New Urbanism and Beyond: Designing Cities for the Future edited by Tigran Haas
If there's one thing that architects and New Urbanists should focus on, it is remedying the rift between architects and New Urbanists. Of course, many architects are New Urbanists, and even many that aren't card-carrying members agree with the tenets of the Congress for New Urbanism, but the two tend to criticize each other, all-too-many times strongly and non-constructively. Granted that disagreements are inevitable in individuals and groups, the fact that New Urbanism is the only design movement making substantial progress on tackling sprawl and other urban issues today, attempts at working together towards what appears to be common goals -- namely reducing sprawl, renewing community, and sustainability -- would seem to be warranted. This is reinforced by the crisis situation that the world faces, with a growing urban population that will someday exceed the carrying capacity of our planet, and the fact that the main point of contention is aesthetics, hardly the best reason for architects to abandon the best opportunity at making positive change via urban design.
Now I should probably come clean, that I fall on the side of the fence with other architects critical of New Urbanist ideas and practice. But my take is not primarily directed at the reactionary aesthetics of places like Celebration, Florida, but that the town plans, as executed, don't really alleviate the problems they address, namely car use. As well, the middle- to upper-class exclusivity of New Urbanist towns illustrates that concerns of sustainability don't extend to the social and economic.
Regardless of my stance towards what I've seen of CNU developments and writings, when I opened this collection of writings on New Urbanism "and beyond" I was optimistic that perhaps an attempt was being made to close the aforementioned rift. Unfortunately editor Tigran Haas's introduction adopts a strongly defensive tone regarding criticisms of New Urbanism, a problem made worse by the fact that the criticisms he addresses are not quoted, cited, or even mentioned by name, so he is in essence responding to generalized critiques of the movement. One wonders if the following essays are as one-sided as this introduction. While what is clearly missing from the collection are the actual critiques of New Urbanism by the likes of Michael Sorkin or Dean MacCannell, the 60-odd essays and their respective authors convey the depth and variety of the issues surrounding New Urbanism.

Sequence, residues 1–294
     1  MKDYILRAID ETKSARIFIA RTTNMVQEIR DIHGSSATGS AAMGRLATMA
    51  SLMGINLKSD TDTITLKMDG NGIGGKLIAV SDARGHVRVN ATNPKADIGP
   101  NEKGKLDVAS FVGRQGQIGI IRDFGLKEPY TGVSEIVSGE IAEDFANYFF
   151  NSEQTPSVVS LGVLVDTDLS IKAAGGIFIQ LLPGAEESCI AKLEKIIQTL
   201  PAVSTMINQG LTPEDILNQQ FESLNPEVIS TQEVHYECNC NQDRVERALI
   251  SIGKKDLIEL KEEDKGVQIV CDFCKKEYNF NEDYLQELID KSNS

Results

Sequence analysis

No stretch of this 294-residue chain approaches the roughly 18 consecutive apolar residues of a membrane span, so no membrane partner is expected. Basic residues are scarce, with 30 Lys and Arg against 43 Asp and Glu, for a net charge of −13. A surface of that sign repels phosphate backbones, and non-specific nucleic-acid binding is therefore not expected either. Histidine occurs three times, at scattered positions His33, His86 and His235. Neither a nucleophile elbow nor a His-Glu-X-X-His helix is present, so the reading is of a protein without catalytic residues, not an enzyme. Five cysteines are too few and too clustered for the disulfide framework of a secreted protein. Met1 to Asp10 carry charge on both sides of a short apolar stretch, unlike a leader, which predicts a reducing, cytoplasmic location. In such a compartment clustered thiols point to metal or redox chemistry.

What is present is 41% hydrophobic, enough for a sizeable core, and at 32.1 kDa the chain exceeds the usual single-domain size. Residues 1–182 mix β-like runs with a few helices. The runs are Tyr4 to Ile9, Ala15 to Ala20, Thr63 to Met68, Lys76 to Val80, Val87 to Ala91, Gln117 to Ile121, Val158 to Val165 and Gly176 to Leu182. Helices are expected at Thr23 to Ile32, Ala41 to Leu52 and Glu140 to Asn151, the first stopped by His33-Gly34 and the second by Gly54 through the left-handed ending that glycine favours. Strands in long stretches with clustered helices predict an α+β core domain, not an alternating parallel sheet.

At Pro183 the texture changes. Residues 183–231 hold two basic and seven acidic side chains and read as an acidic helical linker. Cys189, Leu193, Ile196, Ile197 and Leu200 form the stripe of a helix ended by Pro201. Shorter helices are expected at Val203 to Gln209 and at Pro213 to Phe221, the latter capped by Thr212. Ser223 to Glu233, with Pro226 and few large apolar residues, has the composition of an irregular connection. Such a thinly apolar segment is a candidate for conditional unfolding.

Broken into eleven themed sections (theories, sprawl, sustainability, digital spaces, social capital, etc.), it's more accurate to call the collection a "primer on urban design" -- as the book does call itself -- and not let the title pepper one's thoughts with a biased attitude, as Haas's introduction does. Many of the essays could only be described as fitting marginally into New Urbanist ideology, regardless of the author's views on the movement, be they said or not. Ultimately the book is as valuable a collection of voices on urbanism as the recent Endless City. While each has different intentions, the results -- and parties involved -- have substantial overlap, something indicative of the trend towards thinking on the urban and regional scale. What both books show is that practice is as important as theory, and now is the time for action...and reconciliation.